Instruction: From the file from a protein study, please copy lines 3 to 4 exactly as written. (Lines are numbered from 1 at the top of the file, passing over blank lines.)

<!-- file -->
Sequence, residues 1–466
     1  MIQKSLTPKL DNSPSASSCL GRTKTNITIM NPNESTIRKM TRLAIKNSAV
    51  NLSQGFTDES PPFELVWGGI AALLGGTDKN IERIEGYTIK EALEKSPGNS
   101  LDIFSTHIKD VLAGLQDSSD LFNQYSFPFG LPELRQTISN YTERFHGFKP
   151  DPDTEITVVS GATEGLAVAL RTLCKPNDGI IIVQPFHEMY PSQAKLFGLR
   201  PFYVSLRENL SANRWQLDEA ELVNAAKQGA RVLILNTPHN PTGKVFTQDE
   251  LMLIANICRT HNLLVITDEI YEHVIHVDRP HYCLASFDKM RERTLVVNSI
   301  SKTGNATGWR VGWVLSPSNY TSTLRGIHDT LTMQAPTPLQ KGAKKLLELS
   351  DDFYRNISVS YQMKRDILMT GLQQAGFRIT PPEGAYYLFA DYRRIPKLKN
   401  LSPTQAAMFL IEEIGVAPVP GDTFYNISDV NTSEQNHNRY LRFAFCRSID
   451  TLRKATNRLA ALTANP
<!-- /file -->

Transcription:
    51  NLSQGFTDES PPFELVWGGI AALLGGTDKN IERIEGYTIK EALEKSPGNS
   101  LDIFSTHIKD VLAGLQDSSD LFNQYSFPFG LPELRQTISN YTERFHGFKP